Have Financial Backers Damaged Autism’s Gold Standard of Treatment?

September 05, 2022

Some Claim the Pressure of Billing Hours is Degrading the Quality of ABA Services

The role of private equity companies is to invest money for wealthy individuals, university endowments, and pension funds. These firms intend to make more money for their clients through private investments than what could be made by investing in the stock market. In 2015, private investments in behavioral health totaled $120 million. According to industry analysis, five years later, that amount had grown to $1.2 billion. 

Applied Behavioral Analysis (ABA) has long been considered the gold standard for autism treatment. The therapy is considered such a staple that every state mandates its coverage. In the past decade, there has been a rapid increase in private equity firms investing in ABA providers. With 1 in 44 children on the spectrum and the promise of state-mandated insurance reimbursement, ABA therapy has become a lucrative market for these investors.   

However, many question whether this infusion of private equity funds is good for ABA. Since big business has become involved with ABA, families and clinicians are starting to be disillusioned with the therapy and the industry supporting it. Both parties point to financial investors’ fixation on profit and say it has degraded the quality of services that many children receive. Parents complain that ABA, which should be tailored to each child, has become “cookie cutter.” This one-size-fits-all approach allows bigger providers to save money on time-intensive assessments by using treatment plans that were simply copied from other clients. But that reuse goes against the highly individualized treatment plans that ABA is supposed to deliver. One clinician said that time-saving practices made her feel like a “billing machine, trying to make as much money for private equity as possible.” A former ABA provider employee shed more light on this practice and said that private-equity-owned companies would set billing quotas, reward top billers with bonuses, and question any holes in their schedules.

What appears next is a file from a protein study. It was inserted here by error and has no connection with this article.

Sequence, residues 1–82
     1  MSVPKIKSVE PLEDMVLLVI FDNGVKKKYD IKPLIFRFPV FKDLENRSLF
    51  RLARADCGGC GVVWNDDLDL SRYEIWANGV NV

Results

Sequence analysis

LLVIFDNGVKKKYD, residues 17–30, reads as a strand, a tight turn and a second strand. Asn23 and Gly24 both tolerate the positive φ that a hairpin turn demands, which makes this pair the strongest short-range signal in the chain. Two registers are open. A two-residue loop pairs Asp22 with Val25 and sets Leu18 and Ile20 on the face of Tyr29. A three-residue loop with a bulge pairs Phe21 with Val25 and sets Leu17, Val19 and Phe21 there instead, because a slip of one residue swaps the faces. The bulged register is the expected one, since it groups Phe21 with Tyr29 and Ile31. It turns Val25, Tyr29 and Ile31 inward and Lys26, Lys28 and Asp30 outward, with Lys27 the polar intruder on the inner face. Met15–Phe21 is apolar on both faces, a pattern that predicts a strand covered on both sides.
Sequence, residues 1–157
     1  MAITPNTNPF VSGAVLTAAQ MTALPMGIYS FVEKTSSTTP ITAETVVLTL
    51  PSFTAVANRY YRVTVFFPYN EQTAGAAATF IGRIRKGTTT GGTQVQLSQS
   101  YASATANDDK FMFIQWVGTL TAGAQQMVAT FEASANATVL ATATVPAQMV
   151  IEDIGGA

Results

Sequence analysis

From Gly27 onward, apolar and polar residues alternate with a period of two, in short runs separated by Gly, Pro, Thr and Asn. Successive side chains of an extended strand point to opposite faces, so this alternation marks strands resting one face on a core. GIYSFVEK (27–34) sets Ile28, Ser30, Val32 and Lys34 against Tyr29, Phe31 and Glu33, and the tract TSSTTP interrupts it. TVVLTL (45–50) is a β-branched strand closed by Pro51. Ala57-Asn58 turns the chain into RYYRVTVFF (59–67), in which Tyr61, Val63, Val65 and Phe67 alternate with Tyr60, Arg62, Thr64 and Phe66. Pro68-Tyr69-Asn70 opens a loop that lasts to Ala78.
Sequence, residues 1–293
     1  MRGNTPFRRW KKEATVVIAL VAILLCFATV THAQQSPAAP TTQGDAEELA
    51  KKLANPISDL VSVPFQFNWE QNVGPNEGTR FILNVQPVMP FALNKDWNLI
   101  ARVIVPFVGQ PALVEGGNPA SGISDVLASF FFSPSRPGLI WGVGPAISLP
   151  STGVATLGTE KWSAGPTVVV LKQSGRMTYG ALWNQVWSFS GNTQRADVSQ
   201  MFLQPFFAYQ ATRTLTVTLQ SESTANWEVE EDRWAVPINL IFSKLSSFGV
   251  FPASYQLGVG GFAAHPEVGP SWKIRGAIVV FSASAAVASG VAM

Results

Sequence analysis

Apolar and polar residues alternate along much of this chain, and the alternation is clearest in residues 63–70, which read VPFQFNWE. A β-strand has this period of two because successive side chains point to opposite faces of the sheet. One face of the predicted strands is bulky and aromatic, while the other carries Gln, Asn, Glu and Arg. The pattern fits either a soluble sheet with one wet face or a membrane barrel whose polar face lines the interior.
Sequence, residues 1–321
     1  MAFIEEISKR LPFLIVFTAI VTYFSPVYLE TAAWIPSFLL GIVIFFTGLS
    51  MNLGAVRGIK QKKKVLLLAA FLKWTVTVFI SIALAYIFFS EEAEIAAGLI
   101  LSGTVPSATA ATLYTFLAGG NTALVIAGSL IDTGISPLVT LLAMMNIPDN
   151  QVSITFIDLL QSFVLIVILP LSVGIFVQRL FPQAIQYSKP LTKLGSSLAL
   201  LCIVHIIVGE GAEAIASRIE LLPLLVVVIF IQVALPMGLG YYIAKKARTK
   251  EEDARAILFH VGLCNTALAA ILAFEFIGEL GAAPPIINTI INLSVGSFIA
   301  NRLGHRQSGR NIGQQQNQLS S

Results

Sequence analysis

Allegations of overbilling for ABA by these companies are now surfacing across the country. These claims involve both providers with private equity backing and those without. For instance, in Nevada, 1000 individual clinicians sent bills to the Medicaid program suggesting they delivered 24 hours of therapy in a single day. In one outrageous case, one clinician billed 65 hours in just one day. Florida ABA providers have also been singled out for billing Medicaid for more than 40 hours of therapy in a week. The situation has gotten so out of hand that the federal government is stepping in. The Health and Human Services Department’s Office of Inspector General is working on a sweeping audit of Medicaid claims for ABA. The report should be released later this year. 

In the meantime, ABA providers are also unhappy. They complain of staff shortages, employee turnover, high inflation, and receiving reimbursement payments from health insurers. 

Subsequently, parents who are trying to juggle physical therapy, occupational therapy, speech therapy, and special education day classes are now questioning if ABA is worth their child’s time. Many decide it is not. Some parents are viewing ABA as useless and even harmful. They see it as a practice that masks the traits that make their child unique and view ABA as an attempt to force their child into having behaviors that fit neurotypical norms. 

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